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Pattern of Admission in the University of Port Harcourt Teaching Hospital Intensive Care Unit - A 10-year analysis

Christie Nwidum Mato, Arthur Onwuchekwa, Alfred Aggo

Abstract


Objective: To determine the admission pattern and outcome of care in the Intensive Care Unit (ICU) of the University of Port Harcourt Teaching Hospital (UPTH).
Method: A retrospective review of all patients admitted into the ICU of the University of Port Harcourt Teaching Hospital (UPTH) from 1996 to 2005 was carried out. Data were obtained from patients’ records, the ICU Admission and Discharge registers and nurses’ handover records.
Results: A total of 1,447 patients were admitted from 15 Departments. There were 658 males and 789 females, (M: F ratio 1:1.2). Ages ranged from 1year to 90 years (mean of 31.7±5.6years). The highest admission (48.7%) was from the Department of Obstetrics & Gynaecology, while Ophthalmology and Anaesthesia had the lowest (0.1%). Postoperative cases made up 62.1% of total admissions, post-Caesarean section (C/S) contributing 65.7%. Non-availability of beds was the reason for majority of the post C/S admissions. Average length of stay (LOS) was 8.1±2.8 days. One patient was manually ventilated for 5 hours, none was mechanically ventilated; none had invasive cardiac monitoring, none had total parentral nutrition. Outcome of care showed that 597 (41.3%) patients were transferred to the ward, while 352 (24.3%) were discharged home. The outcome was not indicated in 128 (8.8%) patients; while 1 (0.1%) patient was referred to another tertiary institution and 1 (0.1%) absconded. Three hundred and fifty-two (352) patients died giving a mortality rate of 24.3%.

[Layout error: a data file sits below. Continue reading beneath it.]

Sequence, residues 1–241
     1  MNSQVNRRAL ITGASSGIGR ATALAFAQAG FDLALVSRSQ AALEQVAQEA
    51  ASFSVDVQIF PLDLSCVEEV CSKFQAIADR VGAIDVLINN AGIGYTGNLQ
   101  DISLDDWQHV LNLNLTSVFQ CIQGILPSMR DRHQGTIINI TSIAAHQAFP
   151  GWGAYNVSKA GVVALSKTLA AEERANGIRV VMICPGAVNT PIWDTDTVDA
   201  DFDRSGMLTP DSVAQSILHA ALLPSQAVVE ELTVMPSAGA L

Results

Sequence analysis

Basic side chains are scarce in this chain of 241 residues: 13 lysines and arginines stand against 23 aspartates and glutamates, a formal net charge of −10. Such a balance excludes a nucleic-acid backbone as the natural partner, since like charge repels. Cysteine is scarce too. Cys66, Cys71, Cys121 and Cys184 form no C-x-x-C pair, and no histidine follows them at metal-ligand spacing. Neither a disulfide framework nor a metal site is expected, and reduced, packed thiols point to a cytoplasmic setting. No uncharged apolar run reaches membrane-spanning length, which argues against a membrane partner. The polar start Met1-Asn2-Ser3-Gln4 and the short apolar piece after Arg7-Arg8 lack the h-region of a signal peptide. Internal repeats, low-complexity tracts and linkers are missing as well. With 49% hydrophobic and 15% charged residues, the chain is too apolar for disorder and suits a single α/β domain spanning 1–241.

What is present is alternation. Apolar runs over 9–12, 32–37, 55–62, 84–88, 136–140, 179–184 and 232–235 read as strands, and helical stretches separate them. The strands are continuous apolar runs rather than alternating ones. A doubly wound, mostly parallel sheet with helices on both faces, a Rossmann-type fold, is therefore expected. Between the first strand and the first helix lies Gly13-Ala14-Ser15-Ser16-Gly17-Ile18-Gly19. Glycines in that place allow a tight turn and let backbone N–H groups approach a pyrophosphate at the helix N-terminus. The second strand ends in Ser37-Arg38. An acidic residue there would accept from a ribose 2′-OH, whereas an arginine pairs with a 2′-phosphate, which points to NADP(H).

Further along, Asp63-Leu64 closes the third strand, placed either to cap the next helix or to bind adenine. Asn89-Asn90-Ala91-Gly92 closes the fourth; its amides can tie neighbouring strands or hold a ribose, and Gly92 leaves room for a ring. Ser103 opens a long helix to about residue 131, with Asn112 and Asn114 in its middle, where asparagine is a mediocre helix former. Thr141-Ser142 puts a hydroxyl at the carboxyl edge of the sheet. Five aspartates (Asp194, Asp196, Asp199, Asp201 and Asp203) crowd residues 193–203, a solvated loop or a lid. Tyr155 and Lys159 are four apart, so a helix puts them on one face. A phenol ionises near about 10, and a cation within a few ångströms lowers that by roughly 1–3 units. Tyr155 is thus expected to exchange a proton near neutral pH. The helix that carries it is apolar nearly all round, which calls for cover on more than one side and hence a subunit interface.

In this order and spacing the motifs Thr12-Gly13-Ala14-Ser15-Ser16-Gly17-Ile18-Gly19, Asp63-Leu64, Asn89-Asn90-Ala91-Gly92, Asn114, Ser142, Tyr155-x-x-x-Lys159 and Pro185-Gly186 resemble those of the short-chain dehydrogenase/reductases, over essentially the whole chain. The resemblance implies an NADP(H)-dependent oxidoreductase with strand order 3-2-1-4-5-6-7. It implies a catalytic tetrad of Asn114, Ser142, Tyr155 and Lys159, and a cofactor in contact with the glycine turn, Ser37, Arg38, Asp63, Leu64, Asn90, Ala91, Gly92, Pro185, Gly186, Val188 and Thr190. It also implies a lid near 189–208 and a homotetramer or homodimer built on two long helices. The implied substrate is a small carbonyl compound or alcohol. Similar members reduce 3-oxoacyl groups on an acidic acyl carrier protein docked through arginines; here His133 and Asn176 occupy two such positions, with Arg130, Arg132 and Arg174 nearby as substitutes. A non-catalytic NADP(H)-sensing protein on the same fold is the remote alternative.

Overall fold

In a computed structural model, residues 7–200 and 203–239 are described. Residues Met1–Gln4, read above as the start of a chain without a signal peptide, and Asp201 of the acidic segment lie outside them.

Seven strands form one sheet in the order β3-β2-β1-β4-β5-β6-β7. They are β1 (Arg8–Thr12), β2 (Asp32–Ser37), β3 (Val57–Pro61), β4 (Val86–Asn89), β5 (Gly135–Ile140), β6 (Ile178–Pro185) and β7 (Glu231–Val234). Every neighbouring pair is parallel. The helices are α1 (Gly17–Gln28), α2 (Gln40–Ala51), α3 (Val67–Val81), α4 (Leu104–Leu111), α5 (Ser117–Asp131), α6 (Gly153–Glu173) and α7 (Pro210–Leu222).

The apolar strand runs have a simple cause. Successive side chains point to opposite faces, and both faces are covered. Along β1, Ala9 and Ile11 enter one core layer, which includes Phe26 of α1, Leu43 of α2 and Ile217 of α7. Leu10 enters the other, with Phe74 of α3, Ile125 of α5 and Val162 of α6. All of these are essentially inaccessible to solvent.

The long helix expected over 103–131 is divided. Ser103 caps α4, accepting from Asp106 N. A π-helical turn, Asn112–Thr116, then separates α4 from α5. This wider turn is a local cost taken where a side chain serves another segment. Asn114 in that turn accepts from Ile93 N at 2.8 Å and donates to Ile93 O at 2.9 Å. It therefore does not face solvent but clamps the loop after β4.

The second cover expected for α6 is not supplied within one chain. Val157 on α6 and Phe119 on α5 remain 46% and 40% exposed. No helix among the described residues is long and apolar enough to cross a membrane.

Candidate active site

Conclusion: Majority of the patients admitted into the ICU were post-C/S. Non-availability of beds was the reason for most of the admissions.

Authors' affiliations

Christie Nwidum Mato, University of Port Harcourt Teaching Hospital

Arthur Onwuchekwa, University of Port Harcourt Teaching Hospital

Alfred Aggo, University of Port Harcourt Teaching Hospital

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Keywords

Intensive care unit, admission pattern, outcome

Cite this article

Southern African Journal of Critical Care 2009;25(1):10.

Article History

Date submitted: 2008-12-28
Date published: 2009-06-22

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